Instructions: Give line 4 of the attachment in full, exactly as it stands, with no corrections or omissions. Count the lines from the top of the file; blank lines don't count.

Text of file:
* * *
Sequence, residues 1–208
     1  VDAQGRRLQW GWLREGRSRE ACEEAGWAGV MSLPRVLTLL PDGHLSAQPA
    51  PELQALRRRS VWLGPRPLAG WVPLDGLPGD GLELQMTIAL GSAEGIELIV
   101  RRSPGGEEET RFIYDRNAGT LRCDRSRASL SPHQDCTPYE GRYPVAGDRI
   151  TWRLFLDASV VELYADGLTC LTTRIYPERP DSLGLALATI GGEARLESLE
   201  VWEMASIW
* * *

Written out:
   101  RRSPGGEEET RFIYDRNAGT LRCDRSRASL SPHQDCTPYE GRYPVAGDRI